Anne Shirley's children are almost all grown up - except for pretty, high-spirited Rilla, who is now almost fifteen years old. No one can resist Rilla's bright hazel eyes and dazzling smile, and Rilla herself can think no further ahead than going to her very first dance at the Four Winds lighthouse - and getting her first kiss from handsome Kenneth Ford!
But at the dance, news is brought that England has declared war on Germany. At first, this means little to Rilla, on the threshold of so many new excitements. But as her brothers go off to fight in the Great War and Rilla brings home an orphaned newborn baby in a soup tureen, she is swept into a drama that tests her courage and will leave her changed for ever...
‘It’s a million times nicer to be Anne of Green Gables than Anne of nowhere in particular, isn’t it?’
My dislikes: Being an orphan, having red hair, being called ‘carrots’ by Gilbert Blythe.
My likes: Living at the Green Gables with Marilla and Matthew, my bosom-friend Diana, dresses with puff sleeves.
My regrets: Dying my hair green. Smashing a slate over Gilbert Blythe’s head.
My dream: To tame my temper. To be good (this is an uphill struggle). To grow up to have auburn hair!
Includes exclusive material: In the Backstory you can find out about the real Green Gables, the plucky author and more!
Vintage Children’s Classics is a twenty-first century classics list aimed at 8-12 year olds and the adults in their lives. Discover timeless favourites from Peter Pan and Alice’s Adventures in Wonderland to modern classics such as The Boy in the Striped Pyjamas and The Curious Incident of the Dog in the Night-Time.
Marilla and Mathew Cuthbert had planned to adopt a boy to help out around Green Gables farm. But waiting for Mathew at the train station is freckle-faced, red-headed Anne Shirley - a talkative eleven-year-old orphan with a heart full of dreams and a desperate longing for a home. From the minute Anne sets foot in Mathew's buggy, Green Gables will never be the same!
From the Paperback edition.
Anne Shirley has come a long way since her days as a mischievous orphan living in the house at Green Gables. She is now eighteen and headed to faraway Redmond College in Kingsport. Anne's college years are sure to be full of fun, but they will also be a time for soul-searching and big decisions. When her longtime friend Gilbert Blythe proposes, Anne feels they can never be more than friends. But is her new admirer, the handsome and wealthy Roy Gardner, really the man of her dreams?
Quotes from the book:
“If you can sit in silence with a person for half an hour and yet be entirely comfortable, you and that person can be friends. If you cannot, friends you'll never be and you need not waste time in trying.”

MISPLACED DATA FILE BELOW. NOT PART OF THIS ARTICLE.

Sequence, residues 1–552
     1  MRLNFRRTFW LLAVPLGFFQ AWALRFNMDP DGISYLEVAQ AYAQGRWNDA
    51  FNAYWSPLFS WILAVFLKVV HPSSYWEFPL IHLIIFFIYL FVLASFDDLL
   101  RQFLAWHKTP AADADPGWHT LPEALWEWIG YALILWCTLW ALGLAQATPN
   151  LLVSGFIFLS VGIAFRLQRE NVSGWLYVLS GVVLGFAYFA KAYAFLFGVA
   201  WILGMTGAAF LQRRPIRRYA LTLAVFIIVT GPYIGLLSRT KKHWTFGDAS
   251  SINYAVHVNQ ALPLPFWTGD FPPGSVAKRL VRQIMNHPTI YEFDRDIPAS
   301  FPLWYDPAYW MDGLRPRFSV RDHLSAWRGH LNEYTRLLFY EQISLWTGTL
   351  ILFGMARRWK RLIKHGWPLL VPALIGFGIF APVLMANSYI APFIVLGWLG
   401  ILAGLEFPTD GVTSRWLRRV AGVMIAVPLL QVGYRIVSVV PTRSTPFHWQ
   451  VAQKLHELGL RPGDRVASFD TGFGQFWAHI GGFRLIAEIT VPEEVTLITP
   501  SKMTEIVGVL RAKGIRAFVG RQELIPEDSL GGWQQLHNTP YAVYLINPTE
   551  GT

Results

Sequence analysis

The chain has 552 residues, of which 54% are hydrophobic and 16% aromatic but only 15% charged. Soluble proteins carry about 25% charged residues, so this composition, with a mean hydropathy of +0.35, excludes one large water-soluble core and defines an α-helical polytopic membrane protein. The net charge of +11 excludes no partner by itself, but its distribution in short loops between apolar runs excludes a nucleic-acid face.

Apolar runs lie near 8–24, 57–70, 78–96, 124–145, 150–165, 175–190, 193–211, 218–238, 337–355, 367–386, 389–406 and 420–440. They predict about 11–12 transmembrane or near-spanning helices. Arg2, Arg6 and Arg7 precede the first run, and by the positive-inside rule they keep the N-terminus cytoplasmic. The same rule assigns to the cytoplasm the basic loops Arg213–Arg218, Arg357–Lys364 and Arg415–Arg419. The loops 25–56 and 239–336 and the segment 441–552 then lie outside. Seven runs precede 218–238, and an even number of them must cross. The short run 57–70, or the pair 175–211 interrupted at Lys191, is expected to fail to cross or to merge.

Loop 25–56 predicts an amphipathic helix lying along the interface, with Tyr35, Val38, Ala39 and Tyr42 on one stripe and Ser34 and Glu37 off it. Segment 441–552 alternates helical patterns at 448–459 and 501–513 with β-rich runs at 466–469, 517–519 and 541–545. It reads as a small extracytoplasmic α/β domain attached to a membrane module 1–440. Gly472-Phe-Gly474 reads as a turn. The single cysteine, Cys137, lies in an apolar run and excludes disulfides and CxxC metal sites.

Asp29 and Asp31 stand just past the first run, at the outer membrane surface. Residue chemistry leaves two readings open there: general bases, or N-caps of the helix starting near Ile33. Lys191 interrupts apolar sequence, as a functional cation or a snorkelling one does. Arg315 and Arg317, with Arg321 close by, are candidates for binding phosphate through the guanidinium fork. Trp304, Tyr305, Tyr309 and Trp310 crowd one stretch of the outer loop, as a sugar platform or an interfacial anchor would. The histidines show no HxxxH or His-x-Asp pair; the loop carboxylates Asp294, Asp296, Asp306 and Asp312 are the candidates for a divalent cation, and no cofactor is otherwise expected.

“Fear is the original sin. Almost all of the evil in the world has its origin in the fact that some one is afraid of something.It is a cold slimy serpent coiling about you. It is horrible to live with fear; and it is of all things degrading.”
“It was three o'clock in the morning – the wisest and most accursed hour of the clock. But sometimes it sets us free.”
“Montgomery writes beautifully and brings tears of both sorrow and joy on the turning of every page.” (The Guardian)
“Outside of the Anne of Green Gable books, this is by far my favorite L.M. Montgomery book!!!!” (Jennie, goodreads.com)
“Funny writing, entertaining, sweet. I think the main character becomes any outdoorsmen's unrealistic dream, but it's impossible not to like this book.” (Alisha, goodreads.com)
Emily Starr has never known what it is to be unloved. But when her father dies, she is left in the care of her mother's family. Emily is a stranger to the proud Murrays, none of whom think they can cope with such a heartbroken, headstrong girl. They decide to draw lots for her, and Emily is sent to live at New Moon with stern Aunt Elizabeth, the head of the clan. Kind Aunt Laura and friendly, eccentric Cousin Jimmy also live at New Moon, though, so she is not without hope.
Emily is enchanted by New Moon, but cannot believe she will ever belong there. With her lively imagination and dreams of being a famous writer, she seems to have a talent for scandalising her family. Before long, though, she has made firm friends: Ilse, a tomboy with a blazing temper, Teddy, an aspiring artist, and Perry, the ambitious houseboy. She brings so much life to New Moon, perhaps one day even Aunt Elizabeth will consider herself lucky to have 'won' Emily.